In the first part of his defence Socrates relates the story of Chaerephon, who was told by the Oracle of Delphi that no one was wiser than Socrates.

This presents a problem for Socrates who thought that he was not wise at all. The Oracle is the voice of the God Apollo and thus has to be right.

Socrates then goes to those who are allegedly wise, to test their wisdom. He engages them in conversations and questions them on their areas of alleged wisdom.

These form the basis for the Platonic dialogues. However, Socrates does not find anyone who is actually wise and in most cases finds that they do not know what they are talking about.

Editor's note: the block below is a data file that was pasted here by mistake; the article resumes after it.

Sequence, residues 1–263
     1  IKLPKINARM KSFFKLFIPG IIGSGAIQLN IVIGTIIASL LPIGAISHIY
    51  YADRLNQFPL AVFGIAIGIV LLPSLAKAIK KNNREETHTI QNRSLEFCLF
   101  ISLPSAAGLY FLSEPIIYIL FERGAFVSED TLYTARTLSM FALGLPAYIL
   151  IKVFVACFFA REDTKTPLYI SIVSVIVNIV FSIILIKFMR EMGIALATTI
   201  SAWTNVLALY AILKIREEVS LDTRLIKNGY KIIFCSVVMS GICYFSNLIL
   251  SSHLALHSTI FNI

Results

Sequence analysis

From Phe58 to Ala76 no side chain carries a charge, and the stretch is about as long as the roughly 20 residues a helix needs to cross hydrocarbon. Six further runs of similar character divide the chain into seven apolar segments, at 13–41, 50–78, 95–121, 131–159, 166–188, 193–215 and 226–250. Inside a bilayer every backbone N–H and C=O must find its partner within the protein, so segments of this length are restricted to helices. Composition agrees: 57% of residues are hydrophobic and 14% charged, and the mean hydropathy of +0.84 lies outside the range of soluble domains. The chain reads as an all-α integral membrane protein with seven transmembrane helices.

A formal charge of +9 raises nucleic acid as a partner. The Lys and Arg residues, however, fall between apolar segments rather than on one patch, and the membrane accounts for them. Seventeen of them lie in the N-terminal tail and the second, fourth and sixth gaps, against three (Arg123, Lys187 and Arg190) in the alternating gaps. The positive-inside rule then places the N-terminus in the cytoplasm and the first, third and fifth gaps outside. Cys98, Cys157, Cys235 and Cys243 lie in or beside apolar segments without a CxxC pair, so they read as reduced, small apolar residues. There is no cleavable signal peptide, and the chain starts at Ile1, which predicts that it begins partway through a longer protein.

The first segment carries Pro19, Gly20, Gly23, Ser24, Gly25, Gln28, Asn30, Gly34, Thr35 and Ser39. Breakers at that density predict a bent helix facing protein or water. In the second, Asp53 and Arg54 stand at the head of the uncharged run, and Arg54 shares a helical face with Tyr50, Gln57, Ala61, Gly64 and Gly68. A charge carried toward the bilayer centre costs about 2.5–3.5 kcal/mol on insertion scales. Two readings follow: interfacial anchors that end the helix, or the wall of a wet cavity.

Thus, Socrates states that he is wiser only in knowing that he does not know. According to Socrates, wisdom lies in the acknowledgement of ones ignorance. True wisdom is only available to the gods, while the wisdom present in humans was only a realisation of this fact.

Thus Socrates never actually claims to be wise, but instead claims to be a lover of wisdom — from where the word philosopher is derived from. Socrates believed that his mission from the Gods was to expose the vanity of human intelligence by showing incoherencies in the arguments of the alleged wise.

Socrates explains he did not have the answers to the questions he himself asked, but posed questions to pursue better and more coherent knowledge.